On January 8, 1980, counsel for Local 804 sent a letter to the regional director, asking that the charges against respondent be withdrawn. The letter also set out the general terms of the settlement which had been reached. On that same day, however, General Counsel mailed a motion for summary judgment to the Board in Washington. The union's letter had not yet been received when the motion was submitted.

Even after receipt of the withdrawal notice, however, General Counsel's office did not rescind its action in asking for summary judgment. To the contrary, on February 12, 1980, Ms. Greenfield sent a letter to the Board opposing the union's withdrawal request. In it, she asserted for the first time in any record document "(t)hat a settlement agreement between the parties had been executed is no defense to Respondent's failure to file an Answer, particularly where the General Counsel is not a party to the settlement and where Respondent, for three (3) months after its execution, despite repeated extensions of time, filed no Answer and made no attempt to otherwise resolve the matter."

On February 15, 1980, respondent filed an answer, accompanied by a letter stating:

"This Answer would have been filed within time, and prior to this date, had it not been for the fact that the issues set forth in the Complaint and Notice of Hearing had been resolved in October, 1979, by the signing of a formal settlement agreement ... On a number of occasions we have reported to your office that a settlement had been agreed upon and signed and on a number of occasions the attorney for the Union, James V. Morgan, has requested that the Complaint be withdrawn."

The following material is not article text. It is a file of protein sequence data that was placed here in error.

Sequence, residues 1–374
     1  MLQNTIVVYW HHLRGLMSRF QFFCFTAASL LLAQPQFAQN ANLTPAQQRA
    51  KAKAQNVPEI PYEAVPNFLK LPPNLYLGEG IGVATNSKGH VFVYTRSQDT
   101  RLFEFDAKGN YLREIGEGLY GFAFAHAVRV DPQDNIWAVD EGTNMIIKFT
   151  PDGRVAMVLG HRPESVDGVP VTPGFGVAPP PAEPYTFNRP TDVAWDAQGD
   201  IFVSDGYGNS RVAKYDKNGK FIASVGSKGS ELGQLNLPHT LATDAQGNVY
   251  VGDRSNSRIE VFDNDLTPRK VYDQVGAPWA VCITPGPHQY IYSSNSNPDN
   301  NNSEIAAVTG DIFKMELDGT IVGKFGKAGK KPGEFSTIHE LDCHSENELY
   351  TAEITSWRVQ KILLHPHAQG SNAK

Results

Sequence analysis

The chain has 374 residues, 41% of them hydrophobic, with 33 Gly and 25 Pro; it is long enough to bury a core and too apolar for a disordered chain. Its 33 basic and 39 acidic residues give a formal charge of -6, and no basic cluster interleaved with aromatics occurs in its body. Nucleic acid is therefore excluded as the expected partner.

Horowitz's firm then asked that a meeting of counsel be held under the auspices of the regional director to resolve the matter, a suggestion that was apparently declined.

On that same date, counsel for the union wrote to the Board, reaffirming that the company's counsel had satisfactorily negotiated a settlement with the union. The union's position was that:

"Respondent, in good faith, believed that settlement with Local 804 and withdrawal of the charges would make further proceedings, including an answer to the complaint, unnecessary ... Under the circumstances, it would be unfair and inequitable to deny respondent an opportunity to answer the complaint and to defend the case on the merits. For the foregoing reasons, Local 804 urges the Board not to grant the motion for summary judgment herein upon default."

Two weeks later, the Horowitz firm withdrew its appearance. Present counsel was substituted and undertook informal, although ultimately unsuccessful, efforts to have the motion for summary judgment withdrawn. Additional motions and responses were filed by the parties over a period of months through September 17, 1980. Included among the documents filed was an affidavit by Mr. Horowitz, in which he asserted that counsel for the General Counsel had led him to believe that if APD and Local 804 settled their differences, National Book Consolidators would be unaffected by the proceedings and would not be required to file an answer. He also stated that he had advised counsel for General Counsel "at all times ... that National Book Consolidators, Inc. ...